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Meta Plans to Establish an NFT Marketplace, Expanding Beyond Profile Pictures

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Meta Publishes New Guide to the Various Security and Control Options in its Apps


If it’s happening on social media, Meta wants to own it, so it comes as no surprise that the company is currently working on ways to tap into the popularity of NFTs. But Meta actually envisions a bigger future for digital goods, beyond cartoonish profile pictures, which will eventually expand the core functionality of the NFT transaction process to facilitate the transfer of various kinds of digital goods within its planned metaverse.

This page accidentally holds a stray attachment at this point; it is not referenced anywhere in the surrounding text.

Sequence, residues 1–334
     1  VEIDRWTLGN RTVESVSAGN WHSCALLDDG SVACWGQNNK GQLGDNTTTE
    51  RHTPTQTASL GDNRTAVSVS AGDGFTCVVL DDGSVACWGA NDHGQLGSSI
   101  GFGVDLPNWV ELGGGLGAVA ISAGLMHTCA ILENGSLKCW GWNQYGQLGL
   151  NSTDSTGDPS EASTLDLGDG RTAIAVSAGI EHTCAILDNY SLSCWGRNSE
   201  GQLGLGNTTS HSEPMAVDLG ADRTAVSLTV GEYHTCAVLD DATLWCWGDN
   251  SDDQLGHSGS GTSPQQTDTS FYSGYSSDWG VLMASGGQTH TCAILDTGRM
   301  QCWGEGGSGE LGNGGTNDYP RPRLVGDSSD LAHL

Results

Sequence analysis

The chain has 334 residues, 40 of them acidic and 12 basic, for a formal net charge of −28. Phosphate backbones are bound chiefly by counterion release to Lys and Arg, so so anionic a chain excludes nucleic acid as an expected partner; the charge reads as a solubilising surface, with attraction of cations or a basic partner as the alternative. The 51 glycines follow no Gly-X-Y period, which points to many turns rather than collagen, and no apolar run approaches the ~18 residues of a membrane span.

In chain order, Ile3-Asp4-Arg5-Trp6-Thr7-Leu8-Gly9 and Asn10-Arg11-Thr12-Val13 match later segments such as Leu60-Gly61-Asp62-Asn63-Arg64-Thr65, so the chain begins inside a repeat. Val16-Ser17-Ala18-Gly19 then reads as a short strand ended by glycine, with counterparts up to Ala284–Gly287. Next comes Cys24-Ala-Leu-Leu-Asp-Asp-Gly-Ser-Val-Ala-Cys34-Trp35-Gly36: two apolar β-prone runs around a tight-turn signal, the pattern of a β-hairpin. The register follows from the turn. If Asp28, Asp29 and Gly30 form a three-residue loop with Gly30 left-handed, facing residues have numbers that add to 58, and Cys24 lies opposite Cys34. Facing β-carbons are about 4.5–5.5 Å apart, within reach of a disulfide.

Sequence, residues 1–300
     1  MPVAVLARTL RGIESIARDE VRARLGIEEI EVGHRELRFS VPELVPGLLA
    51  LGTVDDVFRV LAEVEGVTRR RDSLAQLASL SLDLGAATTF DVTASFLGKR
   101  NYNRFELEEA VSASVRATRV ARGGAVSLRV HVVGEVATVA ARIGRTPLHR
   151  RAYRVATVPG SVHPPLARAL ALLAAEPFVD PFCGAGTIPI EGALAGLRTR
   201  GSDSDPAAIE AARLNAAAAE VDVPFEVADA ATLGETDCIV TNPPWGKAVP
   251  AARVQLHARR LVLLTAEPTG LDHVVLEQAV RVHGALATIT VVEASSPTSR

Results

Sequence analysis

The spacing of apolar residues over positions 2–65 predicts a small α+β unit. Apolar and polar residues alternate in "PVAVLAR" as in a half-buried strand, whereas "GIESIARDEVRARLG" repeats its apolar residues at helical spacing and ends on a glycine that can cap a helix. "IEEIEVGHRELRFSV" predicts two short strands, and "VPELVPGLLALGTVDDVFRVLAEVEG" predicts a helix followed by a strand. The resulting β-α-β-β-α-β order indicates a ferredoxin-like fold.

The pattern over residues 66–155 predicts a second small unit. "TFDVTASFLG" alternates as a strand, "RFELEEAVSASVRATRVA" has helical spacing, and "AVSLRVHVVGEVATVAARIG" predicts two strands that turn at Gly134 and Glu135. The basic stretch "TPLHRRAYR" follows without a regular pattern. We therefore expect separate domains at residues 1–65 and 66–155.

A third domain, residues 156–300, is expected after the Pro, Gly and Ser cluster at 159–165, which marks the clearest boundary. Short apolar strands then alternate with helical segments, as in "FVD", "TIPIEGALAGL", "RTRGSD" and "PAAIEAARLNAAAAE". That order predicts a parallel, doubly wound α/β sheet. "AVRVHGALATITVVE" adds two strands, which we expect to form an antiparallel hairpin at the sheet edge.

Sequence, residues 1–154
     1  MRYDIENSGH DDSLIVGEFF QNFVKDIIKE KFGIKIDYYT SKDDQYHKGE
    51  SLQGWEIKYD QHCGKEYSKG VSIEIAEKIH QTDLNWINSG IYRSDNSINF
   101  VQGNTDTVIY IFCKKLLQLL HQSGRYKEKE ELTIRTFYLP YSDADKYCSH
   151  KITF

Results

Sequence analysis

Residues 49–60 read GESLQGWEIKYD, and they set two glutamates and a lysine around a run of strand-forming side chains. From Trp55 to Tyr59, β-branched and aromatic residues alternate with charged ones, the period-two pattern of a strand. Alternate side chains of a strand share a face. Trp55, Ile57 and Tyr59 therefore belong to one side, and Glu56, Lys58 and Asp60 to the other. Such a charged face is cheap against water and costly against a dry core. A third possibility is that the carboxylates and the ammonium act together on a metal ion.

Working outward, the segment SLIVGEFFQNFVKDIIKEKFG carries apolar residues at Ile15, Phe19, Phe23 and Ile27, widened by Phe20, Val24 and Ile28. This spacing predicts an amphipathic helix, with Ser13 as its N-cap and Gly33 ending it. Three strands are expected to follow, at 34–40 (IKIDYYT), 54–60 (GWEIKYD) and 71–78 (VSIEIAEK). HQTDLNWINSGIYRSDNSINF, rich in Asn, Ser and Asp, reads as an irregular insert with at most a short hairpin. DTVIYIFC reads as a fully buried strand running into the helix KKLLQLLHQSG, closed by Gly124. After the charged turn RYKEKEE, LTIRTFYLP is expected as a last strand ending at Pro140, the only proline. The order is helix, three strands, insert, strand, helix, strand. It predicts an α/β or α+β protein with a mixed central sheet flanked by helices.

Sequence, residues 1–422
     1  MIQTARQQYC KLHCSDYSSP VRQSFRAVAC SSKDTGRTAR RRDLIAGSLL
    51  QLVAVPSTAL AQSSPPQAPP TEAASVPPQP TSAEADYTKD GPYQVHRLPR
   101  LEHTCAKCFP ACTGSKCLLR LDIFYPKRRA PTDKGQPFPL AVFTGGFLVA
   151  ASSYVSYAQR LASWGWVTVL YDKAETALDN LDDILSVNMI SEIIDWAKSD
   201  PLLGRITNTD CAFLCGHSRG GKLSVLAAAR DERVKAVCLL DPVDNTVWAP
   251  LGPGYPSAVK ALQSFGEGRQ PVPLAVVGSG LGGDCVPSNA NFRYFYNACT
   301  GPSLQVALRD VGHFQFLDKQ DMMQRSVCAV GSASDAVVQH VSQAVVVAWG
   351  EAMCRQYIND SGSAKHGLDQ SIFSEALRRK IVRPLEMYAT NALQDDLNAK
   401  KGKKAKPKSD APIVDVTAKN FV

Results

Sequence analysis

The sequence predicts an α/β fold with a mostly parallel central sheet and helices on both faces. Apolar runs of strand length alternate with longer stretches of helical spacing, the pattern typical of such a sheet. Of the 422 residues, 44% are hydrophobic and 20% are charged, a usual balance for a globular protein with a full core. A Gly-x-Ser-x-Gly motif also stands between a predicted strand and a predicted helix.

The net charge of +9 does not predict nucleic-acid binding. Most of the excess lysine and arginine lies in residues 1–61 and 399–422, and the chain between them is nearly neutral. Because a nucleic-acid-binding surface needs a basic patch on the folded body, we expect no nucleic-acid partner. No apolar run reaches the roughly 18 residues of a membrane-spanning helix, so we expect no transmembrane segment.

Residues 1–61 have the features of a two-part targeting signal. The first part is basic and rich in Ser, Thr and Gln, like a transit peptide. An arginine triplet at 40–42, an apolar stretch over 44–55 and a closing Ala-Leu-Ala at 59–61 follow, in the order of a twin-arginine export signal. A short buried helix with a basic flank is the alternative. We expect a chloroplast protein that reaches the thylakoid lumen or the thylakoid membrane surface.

Sorry, I should say the metaverse, as Meta is keen to underline that it won’t own it, as such (antitrust lawyers take note).

As reported by The Financial Times:

“Teams at Facebook and Instagram are readying a feature that will allow users to display their NFTs on their social media profiles, as well as working on a prototype to help users create – or mint – the collectible tokens, according to several people familiar with the matter. Two of the people said that Meta has also discussed launching a marketplace for users to buy and sell NFTs.”

The first element noted here is already in progress – last June, we reported on Instagram’s initial test of a new ‘Collectibles’ option which would facilitate the display of NFTs in the app (as discovered by app researcher Alessandro Paluzzi).

That test also pointed to facilitating the sale of NFTs in the app, with a process for bidding and buying NFT images.

The latest element in this process includes attaching a digital wallet to your account, much like you would on OpenSea or other NFT transaction platforms, so the experiment seems fairly well advanced in this respect.